When: 2011-09-14

Collection location: Wayne National Forest, Athens Co., Ohio, USA [Click for map]

Who: Dan Molter (shroomydan)

No specimen available

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By: Drew Henderson (Hendre17)
2011-09-16 13:01:28 PDT (-0700)

find indeed… I am no expert with Hygrocybe and or Mid west fungi but this looks “most like” some form of H. conica out of all other Hygrocybe in question. Too slender of a stalk and small to be H. punicea or H. coccinea. Either way, a beautiful pic!

Beautiful slimy Hygrocybe
By: Dan Molter (shroomydan)
2011-09-16 09:55:37 PDT (-0700)

Hey Drew

This was definitely a striking Hygrocybe. I found it growing from the root end of a a very old fallen log on a ridgetop under mixed hardwoods. I don’t recall ever seeing a hygrocybe growing directly from wood. The roots of this log were still partially buried though, and the mushroom was growing towards the bottom, so maybe the mycelium was down in the dirt.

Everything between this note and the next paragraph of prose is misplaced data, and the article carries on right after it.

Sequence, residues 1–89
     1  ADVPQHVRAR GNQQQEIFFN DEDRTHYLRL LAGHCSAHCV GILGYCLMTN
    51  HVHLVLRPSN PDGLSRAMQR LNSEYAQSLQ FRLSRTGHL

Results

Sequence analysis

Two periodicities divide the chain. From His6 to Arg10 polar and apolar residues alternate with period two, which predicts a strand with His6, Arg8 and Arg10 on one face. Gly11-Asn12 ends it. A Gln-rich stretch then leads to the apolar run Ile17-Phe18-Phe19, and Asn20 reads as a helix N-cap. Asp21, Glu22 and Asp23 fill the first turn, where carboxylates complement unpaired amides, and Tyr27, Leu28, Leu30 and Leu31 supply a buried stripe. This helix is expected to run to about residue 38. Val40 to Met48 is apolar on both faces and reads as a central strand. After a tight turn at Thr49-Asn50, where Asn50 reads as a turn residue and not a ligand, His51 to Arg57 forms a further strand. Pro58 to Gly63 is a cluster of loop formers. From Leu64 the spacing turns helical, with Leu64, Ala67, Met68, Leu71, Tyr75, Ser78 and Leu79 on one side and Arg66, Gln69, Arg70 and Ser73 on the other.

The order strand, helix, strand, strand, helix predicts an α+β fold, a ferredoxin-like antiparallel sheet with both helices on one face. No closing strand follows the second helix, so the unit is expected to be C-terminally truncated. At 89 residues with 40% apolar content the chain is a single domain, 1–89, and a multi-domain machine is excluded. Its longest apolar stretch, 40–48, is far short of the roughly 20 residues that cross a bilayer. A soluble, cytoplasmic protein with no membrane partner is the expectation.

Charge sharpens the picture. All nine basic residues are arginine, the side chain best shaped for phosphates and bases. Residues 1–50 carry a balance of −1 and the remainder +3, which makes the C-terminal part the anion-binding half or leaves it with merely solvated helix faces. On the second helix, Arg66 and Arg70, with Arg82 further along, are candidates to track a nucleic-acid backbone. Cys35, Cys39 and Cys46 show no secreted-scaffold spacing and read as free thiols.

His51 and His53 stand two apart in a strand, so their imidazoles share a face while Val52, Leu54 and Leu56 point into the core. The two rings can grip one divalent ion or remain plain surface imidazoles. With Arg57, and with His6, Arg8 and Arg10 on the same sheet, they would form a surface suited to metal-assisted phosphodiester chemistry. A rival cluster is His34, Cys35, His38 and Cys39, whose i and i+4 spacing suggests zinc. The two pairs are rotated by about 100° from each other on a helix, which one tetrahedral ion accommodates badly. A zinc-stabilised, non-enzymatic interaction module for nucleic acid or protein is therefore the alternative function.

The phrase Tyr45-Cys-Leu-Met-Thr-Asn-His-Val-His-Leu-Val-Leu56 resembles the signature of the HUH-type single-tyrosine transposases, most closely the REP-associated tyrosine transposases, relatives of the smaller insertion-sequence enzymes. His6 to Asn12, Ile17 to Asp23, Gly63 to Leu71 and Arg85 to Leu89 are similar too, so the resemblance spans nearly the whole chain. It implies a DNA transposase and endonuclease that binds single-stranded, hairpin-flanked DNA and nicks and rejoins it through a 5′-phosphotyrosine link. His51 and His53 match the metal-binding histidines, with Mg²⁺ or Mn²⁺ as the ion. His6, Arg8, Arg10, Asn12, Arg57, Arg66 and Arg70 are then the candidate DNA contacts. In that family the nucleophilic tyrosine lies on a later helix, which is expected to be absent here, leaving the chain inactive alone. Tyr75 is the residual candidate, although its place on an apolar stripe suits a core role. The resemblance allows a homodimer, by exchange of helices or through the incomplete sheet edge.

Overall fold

As you noted, the mushroom does not apear to be blackening very much, and it is very slimy. Both the cap and stem lack the fibrils usully found on Ohio H. conica. The cap appears to be bright yellow underneath a thick layer of red slime.

Looks alot-
By: Drew Henderson (Hendre17)
2011-09-15 20:12:56 PDT (-0700)

like H. conica that I find in late winter here in Olympia,WA under Western red cedar-except yours doesn’t look like it has any black staining or bruising.
I have also found Hygrocybe psittacina that turns from brilliant dark green to a faded yellowish,red-orange color(somewhat like this one) as it matures. White gills, slimy reddish cap and viscous yellow stem in addition to a very conate cap are all indicative of some Hygrocybe.

Cool find! 1st image looks like a miniature glowing elfen lamp :)